The answer to my other question (a while ago) was that a program I was using to run a command prompt was running the 32 bit version if the cmd prompt, instead of the 64 bit.

(In case you didn't see the other question, I'm using windows 7, 64 bits).

This was fine for a while, but now it has once again become a nuisance.

I am trying to open files (batch files, in this case) from any directory, by just typing their names. I added the files' directory to the PATH variable, for that to work.

Now, if I open a 64 bit cmd prompt (Run->cmd, per example), things work perfectly: typing "color-1" changes to the color specified in the "color-1.bat" file, per example.

However, when the 32 bit version is used, I just get a "not recognized" message.

So, I need to get that program to call the 64 bit version of the command prompt The program in question is PhraseExpress (no space), and, in the macro edition box I have

{#run -file "C:\windows\system32\cmd.exe"}.

Note I specified the path of the cmd.exe file I wanted, instead of just writing {#run -file cmd} in the hope that it would actually go for the 64 bit version, and not the 32 bit one, but no luck there: the command prompt process is always 32 bit (checked in the task manager).

I also tried creating a batch file that runs cmd (file simply has "cmd" -no quotes- written on it) and then calling it with PhraseExpress, but I get the same result. (file calls a 64 bit command prompt when double-clicked, but a 32bit version when called with PhraseExpress).

Right now, I am running out of ideas, so... can anyone think of something?


I think you just don't have your batch files in a path shared by both command environments. Unless your batch file contents are 64-bit specific, you should aim to get the path setup in both/all environments so they run in either, instead of trying to trick this program into using the cmd.exe you want.

But, to directly answer your question...

Since system32 is transparently redirected to sysWOW64 for 32-bit programs, they added a way to access the system32 folder that's native to the system's architecture (64-bit) -- the 'real' system32 folder.

So try referencing it via "sysnative".

ie: {#run -file "%WINDIR%\sysnative\cmd.exe"}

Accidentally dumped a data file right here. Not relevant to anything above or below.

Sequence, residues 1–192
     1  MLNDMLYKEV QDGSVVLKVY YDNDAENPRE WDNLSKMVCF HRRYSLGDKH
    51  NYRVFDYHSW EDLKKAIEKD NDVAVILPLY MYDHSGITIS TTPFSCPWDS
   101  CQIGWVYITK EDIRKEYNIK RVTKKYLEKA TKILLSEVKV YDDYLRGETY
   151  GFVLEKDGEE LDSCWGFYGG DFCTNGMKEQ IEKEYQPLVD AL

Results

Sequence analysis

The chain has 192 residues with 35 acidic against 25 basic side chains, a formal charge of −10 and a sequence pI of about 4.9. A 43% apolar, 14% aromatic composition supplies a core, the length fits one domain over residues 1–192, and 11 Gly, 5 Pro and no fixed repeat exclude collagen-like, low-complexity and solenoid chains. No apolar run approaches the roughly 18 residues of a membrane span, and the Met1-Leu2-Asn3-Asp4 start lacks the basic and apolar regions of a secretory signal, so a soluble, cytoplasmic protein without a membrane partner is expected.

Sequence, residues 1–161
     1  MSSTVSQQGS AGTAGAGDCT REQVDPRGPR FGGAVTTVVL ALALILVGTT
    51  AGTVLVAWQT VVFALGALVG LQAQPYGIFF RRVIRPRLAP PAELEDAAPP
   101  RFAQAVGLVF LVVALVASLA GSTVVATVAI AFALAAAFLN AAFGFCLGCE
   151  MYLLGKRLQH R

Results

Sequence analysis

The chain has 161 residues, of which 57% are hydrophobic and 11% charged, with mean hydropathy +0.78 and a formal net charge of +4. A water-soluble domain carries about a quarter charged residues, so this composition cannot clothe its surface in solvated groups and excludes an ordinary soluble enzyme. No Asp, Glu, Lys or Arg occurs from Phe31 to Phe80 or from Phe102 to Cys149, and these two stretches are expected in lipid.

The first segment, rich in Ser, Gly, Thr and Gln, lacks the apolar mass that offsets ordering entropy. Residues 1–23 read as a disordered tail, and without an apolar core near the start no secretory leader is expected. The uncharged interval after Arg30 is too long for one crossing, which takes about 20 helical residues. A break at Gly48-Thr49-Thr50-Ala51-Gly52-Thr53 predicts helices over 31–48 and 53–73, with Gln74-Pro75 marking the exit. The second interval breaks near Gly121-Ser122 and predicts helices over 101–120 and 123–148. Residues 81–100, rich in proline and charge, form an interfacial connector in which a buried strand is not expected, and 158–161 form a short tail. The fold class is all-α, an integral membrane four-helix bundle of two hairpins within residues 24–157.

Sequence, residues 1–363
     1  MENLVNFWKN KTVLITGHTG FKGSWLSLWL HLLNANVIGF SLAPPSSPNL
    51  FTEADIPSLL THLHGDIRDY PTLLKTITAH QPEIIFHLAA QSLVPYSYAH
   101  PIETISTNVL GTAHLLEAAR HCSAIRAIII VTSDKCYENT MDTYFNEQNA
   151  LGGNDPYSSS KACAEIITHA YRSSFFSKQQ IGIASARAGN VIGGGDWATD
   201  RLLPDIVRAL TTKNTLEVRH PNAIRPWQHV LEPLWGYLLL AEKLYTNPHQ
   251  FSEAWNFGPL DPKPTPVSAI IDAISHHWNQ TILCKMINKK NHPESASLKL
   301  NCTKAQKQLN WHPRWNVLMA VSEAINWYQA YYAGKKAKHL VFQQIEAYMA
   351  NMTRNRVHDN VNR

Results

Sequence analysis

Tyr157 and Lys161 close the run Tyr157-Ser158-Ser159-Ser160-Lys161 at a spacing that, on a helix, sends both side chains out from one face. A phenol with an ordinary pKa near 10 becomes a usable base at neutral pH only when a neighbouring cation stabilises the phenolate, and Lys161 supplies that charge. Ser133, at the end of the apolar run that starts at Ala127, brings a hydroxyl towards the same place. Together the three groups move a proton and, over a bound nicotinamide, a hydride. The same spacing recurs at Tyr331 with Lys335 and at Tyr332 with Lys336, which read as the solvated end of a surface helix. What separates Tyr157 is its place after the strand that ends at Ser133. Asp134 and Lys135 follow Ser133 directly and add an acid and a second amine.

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  • For the first part, I could do that, but there are other things I'm working on in which a 64bit cmd prompt is helpful. The sysnative reference worked, making the program call a 64bit cmd prompt. However, and this may be unrelated, the variable PATH in the called terminal is different than the variable PATH in one called using Run->cmd: it lacks the path I added in Advanced System Settings->Environment Variables. Is there another way I can alter the value of PATH?(I tried PATH=*my_path*, but it only works until I close that particular cmd prompt)btw,If this is unrelated, I'll accept the answer. – Sampaio Sep 20 '13 at 0:44
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    @Sampaio Are you sure? Here the changes in PATH, via "Advanced System Settings->Environment Variables", both user and system, are reflected in %windir%\System32\cmd.exe and %windir%\SysWOW64\cmd.exe. Try starting them both via run and check set path. – Rik Sep 20 '13 at 7:43
  • The changes have finally kicked in, and all is well. I tested it just after turning the pc on, after turning it off last night and being off since. I did try a reboot at the time, but I guess the computer didn't think it was a long enough rest, or something... Anyway, problem(s) solved, answer accepted. Thank you for the help. – Sampaio Sep 20 '13 at 21:11
  • Computers need sleep too ;-) – Rik Sep 20 '13 at 23:24

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